**Abstracts**

AbstractsSummer school
July 30 – August 3, 2019 |

Lidia Angeleri Hügel |
Silting and cosilting in triangulated categoriesThis lecture series is centred around the notion of a silting object in a triangulated category with coproducts, introduced independently by Psaroudakis and Vitória, and by Nicolás, Saorín and Zvonareva. We will see that silting objects correspond bijectively to certain triples formed by a t-structure and an adjacent co-t-structure. Although no compactness is required in our definition of silting, these triples are often of finite type, in the sense that they are determined by a set of compact objects. We will also discuss the dual notion of a cosilting object and the role of purity in this context. We will then focus on the unbounded derived category of a ring and present some constructions of silting and cosilting objects. This will lead us to classification results over commutative noetherian rings and over the Kronecker algebra. The lectures will be based on joint work with Michal Hrbek, Frederik Marks, and Jorge Vitória. Exercise sheet |

Osamu Iyama |
Tilting theory of preprojective algebras and Cohen-Macaulay modulesIn this lecture series, I will explain tilting theory of a preprojective algebra of a quiver as a prototype of tilting/silting/cluster-tilting theory of general algebras. In the non-Dynkin (resp. Dynkin) case, the preprojective algebra has a family of tilting (resp. support tau-tilting) modules I _{w} parametrized by elements w of the corresponding Coxeter
group W, and their mutations correspond to simple reflections in W (Buan–I–Reiten–Scott,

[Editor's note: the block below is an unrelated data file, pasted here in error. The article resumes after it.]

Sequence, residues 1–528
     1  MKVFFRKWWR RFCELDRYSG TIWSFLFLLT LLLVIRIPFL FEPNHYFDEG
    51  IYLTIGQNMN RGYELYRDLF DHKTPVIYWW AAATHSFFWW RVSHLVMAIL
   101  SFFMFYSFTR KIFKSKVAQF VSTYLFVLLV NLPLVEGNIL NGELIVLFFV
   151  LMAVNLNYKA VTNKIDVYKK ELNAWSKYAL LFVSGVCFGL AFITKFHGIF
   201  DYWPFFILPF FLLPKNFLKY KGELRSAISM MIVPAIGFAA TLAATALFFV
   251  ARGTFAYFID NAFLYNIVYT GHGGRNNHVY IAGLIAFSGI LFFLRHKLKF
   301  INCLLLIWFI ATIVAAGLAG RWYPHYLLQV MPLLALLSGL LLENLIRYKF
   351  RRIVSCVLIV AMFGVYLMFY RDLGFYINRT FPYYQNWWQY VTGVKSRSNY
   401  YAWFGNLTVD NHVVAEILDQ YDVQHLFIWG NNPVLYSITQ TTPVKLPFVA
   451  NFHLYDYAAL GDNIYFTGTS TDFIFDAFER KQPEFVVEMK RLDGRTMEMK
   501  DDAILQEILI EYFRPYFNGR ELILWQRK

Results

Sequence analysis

Mizuno). In particular, the Hasse quiver has a labelling by bricks (I–Reading–Reiten–Thomas),
and in the Dynkin case there are only finitely many bricks and they correspond bijectively with
indecomposable tau-rigid modules and with join-irreducible elements.
I will explain results on this line for general (tau-tilting-finite) algebras (Demonet–I–Jasso,
Asai, DIRRT).
The module I_{w} is given as a 2-sided ideal, and the corresponding factor algebra of the
preprojective algebra is a finite dimensional 1-Gorenstein algebra. Its Cohen-Macaulay
modules form a 2-Calabi-Yau Frobenius category admitting a cluster-tilting object. They play
an important role in the categorification of cluster algebras due to Geiss–Leclerc–Schröer.
I will explain tilting/silting/cluster-tilting theory of the stable category of (graded)
Cohen-Macaulay modules due to Amiot–Reiten–Todorov and Kimura.
These results are typical examples of a general phenomenon that "the stable category of
(graded) Cohen-Macaulay modules often has tilting/cluster-tilting objects". If time permits,
I will explain results on this line for a higher preprojective algebra (I–Oppermann,
Amiot–I–Reiten), which is the zero-th cohomology of Keller's Calabi-Yau completion.Exercise sheet, part 1 Exercise sheet, part 2 |

Gustavo Jasso |